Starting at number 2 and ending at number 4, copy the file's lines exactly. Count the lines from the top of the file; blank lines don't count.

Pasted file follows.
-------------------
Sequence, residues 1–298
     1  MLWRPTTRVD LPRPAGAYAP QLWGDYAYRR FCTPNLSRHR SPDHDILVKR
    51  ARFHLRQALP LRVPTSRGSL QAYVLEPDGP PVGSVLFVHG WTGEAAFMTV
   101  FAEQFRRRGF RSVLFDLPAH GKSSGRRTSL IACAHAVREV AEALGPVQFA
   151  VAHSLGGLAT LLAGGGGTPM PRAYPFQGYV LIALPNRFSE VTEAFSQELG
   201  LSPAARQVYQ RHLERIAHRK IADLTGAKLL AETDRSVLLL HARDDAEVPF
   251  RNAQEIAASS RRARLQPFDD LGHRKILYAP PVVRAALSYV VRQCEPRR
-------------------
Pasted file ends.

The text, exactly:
     1  MLWRPTTRVD LPRPAGAYAP QLWGDYAYRR FCTPNLSRHR SPDHDILVKR
    51  ARFHLRQALP LRVPTSRGSL QAYVLEPDGP PVGSVLFVHG WTGEAAFMTV
   101  FAEQFRRRGF RSVLFDLPAH GKSSGRRTSL IACAHAVREV AEALGPVQFA